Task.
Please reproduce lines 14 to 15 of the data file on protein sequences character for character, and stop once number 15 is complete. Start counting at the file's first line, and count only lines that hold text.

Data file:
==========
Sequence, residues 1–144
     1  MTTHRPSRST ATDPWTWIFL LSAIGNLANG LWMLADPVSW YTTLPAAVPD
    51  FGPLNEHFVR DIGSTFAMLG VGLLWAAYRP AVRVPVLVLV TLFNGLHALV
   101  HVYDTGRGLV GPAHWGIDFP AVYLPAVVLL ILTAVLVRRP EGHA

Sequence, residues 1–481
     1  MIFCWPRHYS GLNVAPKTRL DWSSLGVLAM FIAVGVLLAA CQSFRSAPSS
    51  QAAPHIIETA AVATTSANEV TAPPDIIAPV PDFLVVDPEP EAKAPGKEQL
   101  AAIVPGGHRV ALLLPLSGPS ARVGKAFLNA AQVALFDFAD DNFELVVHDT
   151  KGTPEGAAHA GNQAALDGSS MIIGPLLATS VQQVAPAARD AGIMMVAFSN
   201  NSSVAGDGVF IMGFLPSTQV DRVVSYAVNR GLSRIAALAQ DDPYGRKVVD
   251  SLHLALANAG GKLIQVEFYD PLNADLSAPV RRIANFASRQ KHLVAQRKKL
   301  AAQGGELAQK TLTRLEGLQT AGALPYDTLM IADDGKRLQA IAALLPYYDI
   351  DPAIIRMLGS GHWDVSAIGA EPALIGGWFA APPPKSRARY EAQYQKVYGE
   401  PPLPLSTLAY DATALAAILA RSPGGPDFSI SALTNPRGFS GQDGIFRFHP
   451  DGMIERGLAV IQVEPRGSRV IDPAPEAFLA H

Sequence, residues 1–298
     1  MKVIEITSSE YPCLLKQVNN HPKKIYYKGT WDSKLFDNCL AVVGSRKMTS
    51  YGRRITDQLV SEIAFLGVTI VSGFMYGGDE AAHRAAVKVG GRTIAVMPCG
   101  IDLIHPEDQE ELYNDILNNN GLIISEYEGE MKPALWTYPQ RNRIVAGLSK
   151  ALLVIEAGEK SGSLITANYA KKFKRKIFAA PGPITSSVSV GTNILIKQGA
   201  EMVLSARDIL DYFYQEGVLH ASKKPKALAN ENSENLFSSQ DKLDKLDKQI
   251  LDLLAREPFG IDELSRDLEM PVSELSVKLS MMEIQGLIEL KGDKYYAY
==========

   401  PPLPLSTLAY DATALAAILA RSPGGPDFSI SALTNPRGFS GQDGIFRFHP
   451  DGMIERGLAV IQVEPRGSRV IDPAPEAFLA H